Published Jul 17, 2016Thundercat — the stage name of Stephen Bruner — is the sort of musician who, on resumé alone, deserves attention. The bass guru has performed and collaborated on Kamasi Washington's The Epic, multiple Flying Lotus records, Kendrick Lamar's To Pimp a Butterfly and many others, in addition to his own acclaimed solo work. But he was fine if the Halifax Jazz Fest audience Saturday night (July 16) was a little distracted.
"Feel free to catch Pokémon during the set," Bruner began, referencing the Pokémon Go augmented reality mobile game that has become an international phenomenon in the last week — even in Canada, where it's technically not even available for sale. (There are workarounds.) "I was serious about that Pokémon thing," Bruner added. "My phone is on right now."
It wasn't the only time in the set that Bruner showed his geeky pop-culture bonafides. Later, he and his band (Dennis Hamm on keys and Justin Brown on drums) covered the end theme to Adventure Time. And Bruner also joked (or not?) about the inspiration for the album he's currently working on: "I'm not going to tell you anything about it yet," he said, "but it's definitely about Voltron."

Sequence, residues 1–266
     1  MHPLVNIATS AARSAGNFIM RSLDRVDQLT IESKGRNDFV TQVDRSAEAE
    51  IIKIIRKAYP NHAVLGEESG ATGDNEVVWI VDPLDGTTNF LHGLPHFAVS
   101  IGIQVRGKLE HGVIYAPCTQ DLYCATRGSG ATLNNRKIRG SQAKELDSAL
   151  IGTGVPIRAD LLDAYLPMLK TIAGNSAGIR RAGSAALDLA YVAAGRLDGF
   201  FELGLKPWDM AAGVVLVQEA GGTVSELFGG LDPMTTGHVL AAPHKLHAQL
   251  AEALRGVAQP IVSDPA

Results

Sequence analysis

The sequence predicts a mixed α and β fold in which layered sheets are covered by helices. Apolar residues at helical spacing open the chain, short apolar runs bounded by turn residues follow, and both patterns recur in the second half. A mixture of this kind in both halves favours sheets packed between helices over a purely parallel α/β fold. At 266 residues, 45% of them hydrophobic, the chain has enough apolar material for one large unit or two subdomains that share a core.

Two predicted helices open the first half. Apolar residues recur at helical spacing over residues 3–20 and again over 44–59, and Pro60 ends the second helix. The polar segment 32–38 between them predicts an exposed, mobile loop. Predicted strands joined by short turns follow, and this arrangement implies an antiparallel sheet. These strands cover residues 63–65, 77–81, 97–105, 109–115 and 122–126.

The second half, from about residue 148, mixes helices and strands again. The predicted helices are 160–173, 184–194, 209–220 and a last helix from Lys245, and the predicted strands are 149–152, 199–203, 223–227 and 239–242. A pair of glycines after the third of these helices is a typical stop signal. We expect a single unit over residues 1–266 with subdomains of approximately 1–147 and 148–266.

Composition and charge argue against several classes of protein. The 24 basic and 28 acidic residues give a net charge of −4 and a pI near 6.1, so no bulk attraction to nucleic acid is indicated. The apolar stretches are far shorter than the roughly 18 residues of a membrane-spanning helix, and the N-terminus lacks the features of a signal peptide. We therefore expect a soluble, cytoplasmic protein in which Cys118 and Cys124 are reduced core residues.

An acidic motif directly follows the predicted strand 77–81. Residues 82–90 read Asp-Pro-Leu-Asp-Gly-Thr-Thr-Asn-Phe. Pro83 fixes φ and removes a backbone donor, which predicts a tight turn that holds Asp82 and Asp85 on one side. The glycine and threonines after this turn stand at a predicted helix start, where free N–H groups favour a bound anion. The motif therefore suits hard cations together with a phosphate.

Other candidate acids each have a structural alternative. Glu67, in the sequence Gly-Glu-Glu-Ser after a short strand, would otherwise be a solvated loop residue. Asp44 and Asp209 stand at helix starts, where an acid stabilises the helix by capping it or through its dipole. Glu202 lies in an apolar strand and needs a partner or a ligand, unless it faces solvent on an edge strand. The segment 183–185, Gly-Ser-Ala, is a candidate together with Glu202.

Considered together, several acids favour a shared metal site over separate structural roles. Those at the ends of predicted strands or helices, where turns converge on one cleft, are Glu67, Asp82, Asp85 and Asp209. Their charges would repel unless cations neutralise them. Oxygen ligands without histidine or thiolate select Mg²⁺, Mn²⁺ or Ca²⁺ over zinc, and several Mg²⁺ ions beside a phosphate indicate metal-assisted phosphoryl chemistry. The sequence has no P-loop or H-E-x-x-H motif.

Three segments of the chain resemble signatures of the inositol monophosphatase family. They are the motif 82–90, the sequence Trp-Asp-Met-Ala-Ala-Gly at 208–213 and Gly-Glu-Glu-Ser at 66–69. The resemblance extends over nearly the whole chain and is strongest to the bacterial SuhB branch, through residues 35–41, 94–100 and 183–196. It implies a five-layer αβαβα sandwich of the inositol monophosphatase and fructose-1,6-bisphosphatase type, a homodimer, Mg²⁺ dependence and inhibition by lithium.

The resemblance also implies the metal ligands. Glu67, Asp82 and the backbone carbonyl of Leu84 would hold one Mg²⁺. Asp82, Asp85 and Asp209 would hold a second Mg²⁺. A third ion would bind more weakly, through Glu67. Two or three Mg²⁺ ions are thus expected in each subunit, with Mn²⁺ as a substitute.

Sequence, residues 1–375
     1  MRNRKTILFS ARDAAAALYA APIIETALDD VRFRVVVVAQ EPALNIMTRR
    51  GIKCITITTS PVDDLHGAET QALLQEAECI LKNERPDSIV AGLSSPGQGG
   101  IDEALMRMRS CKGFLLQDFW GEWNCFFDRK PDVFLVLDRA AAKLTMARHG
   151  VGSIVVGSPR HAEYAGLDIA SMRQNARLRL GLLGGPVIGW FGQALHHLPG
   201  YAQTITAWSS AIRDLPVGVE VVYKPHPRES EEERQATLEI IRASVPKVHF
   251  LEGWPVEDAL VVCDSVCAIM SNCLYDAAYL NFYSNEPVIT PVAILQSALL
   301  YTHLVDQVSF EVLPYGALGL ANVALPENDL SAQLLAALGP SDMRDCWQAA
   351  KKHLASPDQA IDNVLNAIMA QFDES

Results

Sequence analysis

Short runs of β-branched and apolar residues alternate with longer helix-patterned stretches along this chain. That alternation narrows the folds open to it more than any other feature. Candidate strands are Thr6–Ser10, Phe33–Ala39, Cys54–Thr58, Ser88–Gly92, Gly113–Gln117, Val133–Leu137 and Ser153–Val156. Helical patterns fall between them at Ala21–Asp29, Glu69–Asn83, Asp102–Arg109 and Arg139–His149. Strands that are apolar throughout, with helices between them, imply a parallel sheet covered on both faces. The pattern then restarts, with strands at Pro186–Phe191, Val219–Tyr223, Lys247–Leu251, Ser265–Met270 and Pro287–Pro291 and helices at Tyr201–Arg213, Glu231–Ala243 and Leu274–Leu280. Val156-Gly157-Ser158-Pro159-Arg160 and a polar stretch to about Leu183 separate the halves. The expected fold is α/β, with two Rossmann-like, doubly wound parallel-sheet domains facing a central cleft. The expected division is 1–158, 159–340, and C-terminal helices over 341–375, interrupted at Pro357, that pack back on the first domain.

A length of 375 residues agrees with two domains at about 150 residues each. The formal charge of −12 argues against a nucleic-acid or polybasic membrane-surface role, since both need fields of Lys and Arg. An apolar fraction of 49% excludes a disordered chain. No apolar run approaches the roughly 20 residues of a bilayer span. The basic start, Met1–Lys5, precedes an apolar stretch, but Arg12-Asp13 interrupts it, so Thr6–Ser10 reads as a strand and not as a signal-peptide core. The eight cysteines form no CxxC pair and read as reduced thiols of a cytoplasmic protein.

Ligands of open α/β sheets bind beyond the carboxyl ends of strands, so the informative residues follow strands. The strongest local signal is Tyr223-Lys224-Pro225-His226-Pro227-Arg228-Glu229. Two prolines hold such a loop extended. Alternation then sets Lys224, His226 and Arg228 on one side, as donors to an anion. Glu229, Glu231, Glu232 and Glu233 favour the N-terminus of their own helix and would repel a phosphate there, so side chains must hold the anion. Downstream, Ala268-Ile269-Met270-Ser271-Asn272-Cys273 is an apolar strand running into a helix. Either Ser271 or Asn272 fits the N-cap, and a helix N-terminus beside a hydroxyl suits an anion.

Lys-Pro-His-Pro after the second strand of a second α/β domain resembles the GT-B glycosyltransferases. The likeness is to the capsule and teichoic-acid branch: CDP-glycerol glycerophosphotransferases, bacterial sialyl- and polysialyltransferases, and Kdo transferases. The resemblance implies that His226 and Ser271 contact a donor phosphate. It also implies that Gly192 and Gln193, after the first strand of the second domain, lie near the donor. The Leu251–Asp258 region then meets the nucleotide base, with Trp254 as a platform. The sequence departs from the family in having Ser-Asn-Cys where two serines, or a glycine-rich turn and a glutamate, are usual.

There are musicians who make their craft look easy, and then there are those where you can see the work. Bruner is the latter: performing on a six-string bass, he played with gritted teeth as his fingers flew at almost absurd speeds across the strings. Songs like opener "Hard Times," from last year's The Beyond / Where the Giants Roam, started soft and soulful, with Bruner's falsetto vocals sweetly filling the warm summer air, but would be followed by manic escalations, a cascade of notes delivered with virtuosic force.
Bruner knows his way into a pop hook — a song like "Heartbreaks + Setbacks" from 2013's Apocalypse played as super catchy — but most of the set's best moments were in the tour-de-force solos.
An exception: when Bruner showed things down to perform the hook from Kendrick Lamar's "Complexion (A Zulu Love)," asking the audience to throw up peace signs with their fingers. "We need that right now more than anything," he said. It was a poignant moment — which was then pulled into another exhilarating sonic whirlwind that left much of the crowd impressed and in awe.